Wednesday 18 September 2019

O'Brien looks to build on Group One record

Trainer Aidan O’Brien (centre) after Hydrangea won The QIPCO British Champions Fillies & Mares Stakes Race at Ascot yesterday. Photo: PA
Trainer Aidan O’Brien (centre) after Hydrangea won The QIPCO British Champions Fillies & Mares Stakes Race at Ascot yesterday. Photo: PA

Aidan O'Brien is likely to throw plenty of ammunition at the three Group One races in Europe next weekend in an attempt to claim the world record for most top-level victories in a year outright.

The master of Ballydoyle drew level on 25 victories with the late Bobby Frankel when Hydrangea won the British Champions Fillies & Mares Stakes on Champions Day at Ascot yesterday.

It has been an amazing season for O'Brien (48) who is never slow to credit others with success. The likes of Churchill, Winter, Roly Poly and Hydrangea herself are all multiple Group One winners.

"I think it's the best group of horses we've had, a whole team in all different sectors," said O'Brien.

"They've progressed all season, a lot of them are very well bred, by Galileo, and they've improved all year.

"It's a big team effort, there's a lot of links in the chain and everyone works so hard. The lads (Coolmore) put a lot of effort into getting the right people for the team."

With the season drawing to a close, opportunities are running out for O'Brien, but there are chances at Doncaster and Saint-Cloud next weekend before he switches his attentions elsewhere.

"There's the Racing Post Trophy and two races in France next week so hopefully we'll have plenty of runners," O'Brien told ITV Racing.

"Galileo was very special, just as a racehorse and now as a stallion. We do our best, it's very hard to get our ducks in a row all the time, we're very grateful whenever we win."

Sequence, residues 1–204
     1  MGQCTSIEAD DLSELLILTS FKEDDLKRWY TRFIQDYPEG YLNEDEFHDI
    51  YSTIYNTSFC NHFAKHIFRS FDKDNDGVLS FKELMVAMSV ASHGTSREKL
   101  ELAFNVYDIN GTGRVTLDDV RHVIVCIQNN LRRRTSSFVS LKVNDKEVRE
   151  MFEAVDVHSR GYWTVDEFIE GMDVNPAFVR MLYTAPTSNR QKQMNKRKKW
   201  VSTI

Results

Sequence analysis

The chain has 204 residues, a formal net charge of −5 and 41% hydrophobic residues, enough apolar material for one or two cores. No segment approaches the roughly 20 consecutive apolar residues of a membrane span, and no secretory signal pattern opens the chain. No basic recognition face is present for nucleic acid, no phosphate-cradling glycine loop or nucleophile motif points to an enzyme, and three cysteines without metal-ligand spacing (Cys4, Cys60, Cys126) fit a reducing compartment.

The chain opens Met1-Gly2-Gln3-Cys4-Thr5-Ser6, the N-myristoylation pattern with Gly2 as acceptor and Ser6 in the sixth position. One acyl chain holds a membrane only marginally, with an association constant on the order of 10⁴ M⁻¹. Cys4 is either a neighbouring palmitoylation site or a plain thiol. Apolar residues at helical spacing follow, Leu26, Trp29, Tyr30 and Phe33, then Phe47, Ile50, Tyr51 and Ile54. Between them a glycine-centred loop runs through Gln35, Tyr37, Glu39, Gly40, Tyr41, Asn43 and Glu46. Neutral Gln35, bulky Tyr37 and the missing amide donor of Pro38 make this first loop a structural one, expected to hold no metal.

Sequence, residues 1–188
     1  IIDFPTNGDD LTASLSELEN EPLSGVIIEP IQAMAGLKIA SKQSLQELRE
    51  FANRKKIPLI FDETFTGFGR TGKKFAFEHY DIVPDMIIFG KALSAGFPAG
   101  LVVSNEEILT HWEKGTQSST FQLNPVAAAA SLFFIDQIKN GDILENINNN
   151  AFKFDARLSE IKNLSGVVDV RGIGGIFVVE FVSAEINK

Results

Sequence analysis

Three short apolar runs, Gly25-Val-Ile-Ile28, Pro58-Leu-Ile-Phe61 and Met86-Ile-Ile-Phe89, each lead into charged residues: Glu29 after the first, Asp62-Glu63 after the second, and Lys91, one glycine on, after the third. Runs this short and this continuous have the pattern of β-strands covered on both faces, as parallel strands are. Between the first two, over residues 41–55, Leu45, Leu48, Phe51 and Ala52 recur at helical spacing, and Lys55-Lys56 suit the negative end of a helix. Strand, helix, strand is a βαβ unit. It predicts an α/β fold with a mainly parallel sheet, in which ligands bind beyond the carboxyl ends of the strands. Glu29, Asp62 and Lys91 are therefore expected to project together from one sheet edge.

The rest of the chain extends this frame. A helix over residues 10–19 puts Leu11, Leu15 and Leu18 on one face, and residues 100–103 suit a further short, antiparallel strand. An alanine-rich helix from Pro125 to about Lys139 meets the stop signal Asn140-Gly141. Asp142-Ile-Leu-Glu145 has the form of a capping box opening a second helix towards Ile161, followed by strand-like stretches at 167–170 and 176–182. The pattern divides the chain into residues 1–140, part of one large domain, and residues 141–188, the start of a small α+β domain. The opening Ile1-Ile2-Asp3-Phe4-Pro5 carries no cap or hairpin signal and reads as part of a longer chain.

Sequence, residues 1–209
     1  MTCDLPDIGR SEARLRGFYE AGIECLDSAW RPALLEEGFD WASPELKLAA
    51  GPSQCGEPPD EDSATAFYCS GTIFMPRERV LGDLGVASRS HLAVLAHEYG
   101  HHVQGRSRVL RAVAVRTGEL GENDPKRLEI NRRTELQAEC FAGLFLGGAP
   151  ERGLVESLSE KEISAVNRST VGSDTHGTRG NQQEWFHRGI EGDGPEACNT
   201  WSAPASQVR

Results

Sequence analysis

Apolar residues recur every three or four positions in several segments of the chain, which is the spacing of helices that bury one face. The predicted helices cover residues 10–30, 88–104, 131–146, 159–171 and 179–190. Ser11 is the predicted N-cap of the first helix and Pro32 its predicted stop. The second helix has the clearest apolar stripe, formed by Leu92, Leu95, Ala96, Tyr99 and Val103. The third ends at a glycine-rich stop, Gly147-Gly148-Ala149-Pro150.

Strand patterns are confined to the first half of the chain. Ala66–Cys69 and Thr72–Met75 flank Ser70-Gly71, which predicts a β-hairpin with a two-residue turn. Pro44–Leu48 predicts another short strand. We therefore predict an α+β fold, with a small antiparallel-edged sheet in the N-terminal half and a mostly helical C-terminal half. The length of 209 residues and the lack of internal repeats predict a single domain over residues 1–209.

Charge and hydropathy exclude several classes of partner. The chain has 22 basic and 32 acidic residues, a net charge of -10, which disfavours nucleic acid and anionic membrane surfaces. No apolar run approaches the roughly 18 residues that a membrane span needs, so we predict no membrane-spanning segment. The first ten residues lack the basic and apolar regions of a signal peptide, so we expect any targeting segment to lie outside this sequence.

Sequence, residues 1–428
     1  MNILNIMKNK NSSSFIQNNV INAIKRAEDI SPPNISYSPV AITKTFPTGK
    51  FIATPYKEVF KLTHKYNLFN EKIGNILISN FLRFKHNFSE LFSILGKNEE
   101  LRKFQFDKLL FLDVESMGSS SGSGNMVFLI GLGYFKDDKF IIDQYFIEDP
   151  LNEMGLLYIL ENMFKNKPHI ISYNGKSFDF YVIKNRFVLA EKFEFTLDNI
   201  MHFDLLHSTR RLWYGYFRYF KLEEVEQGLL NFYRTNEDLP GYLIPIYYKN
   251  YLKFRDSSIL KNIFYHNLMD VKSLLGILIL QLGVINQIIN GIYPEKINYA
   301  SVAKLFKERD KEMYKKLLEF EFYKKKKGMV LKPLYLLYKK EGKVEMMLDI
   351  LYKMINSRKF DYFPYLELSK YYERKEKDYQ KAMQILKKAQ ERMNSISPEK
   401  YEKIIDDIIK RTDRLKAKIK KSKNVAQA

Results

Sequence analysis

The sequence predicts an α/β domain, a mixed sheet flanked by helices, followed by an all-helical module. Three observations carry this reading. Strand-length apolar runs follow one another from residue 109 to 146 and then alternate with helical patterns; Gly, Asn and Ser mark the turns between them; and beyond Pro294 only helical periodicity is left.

Part-owner Michael Tabor could not speak highly enough of O'Brien, but also credited the team effort.

"I suppose it is like baking a cake. You have to have all the ingredients and if you don't have one of them the cake is OK but not quite right. Hopefully we have all the right ingredients and I suppose the proof of the pudding is in the eating," said Tabor.

"It is a fabulous achievement by Aidan. It is incredible. Really, words can't describe how dedicated he is and the whole family. It is a marvellous achievement.

"I think he takes it all in his stride. I don't think there is one particular skill. I think it is his all-round conscientious day-in-day-out relentless attention to detail. I think in all walks of life, attention to detail is important and he certainly typifies that.

"He is not one to go shouting from the rooftops, that is the way he is. I am sure when he gets home at night he sits back in a chair and maybe watches a replay and takes great satisfaction from it, like we all do."

Brian Kavanagh, chief executive of Horse Racing Ireland, said: "Aidan O'Brien's career has never dipped below extraordinary. His latest achievement in equalling the world record for Group One victories in a year is a new high and on behalf of Horse Racing Ireland I would like to extend my congratulations to him on an outstanding achievement.

"Knowing Aidan, he will be keen to deflect as much praise as possible and will rightly shine a light on his team at Ballydoyle, his owners and the horses in his yard. But this is very much a personal landmark in the career of an exceptional trainer.

"We have seen that in Ireland for a quarter of a century, but with this world record will come due global recognition for a brilliant Irish horseman."

In the day's final race, Lord Glitters came from the clouds to win the Balmoral Handicap for David O'Meara and Danny Tudhope.

When GM Hopkins hit the front close home he looked sure to provide John Gosden with a Champions Day treble. The 3-1 favourite Lord Glitters met trouble in running on entering the final furlong and his chance looked to have gone. However, once switched into the clear he fairly flew home, winning by a neck. Dark Red was third and Accidental Agent fourth.

"It was a little bit nerve wracking to watch," said O'Meara. "He got in all sorts of trouble, no fault of Danny's. He didn't get out until late. We felt we needed to be far side and he had to pull out near side."

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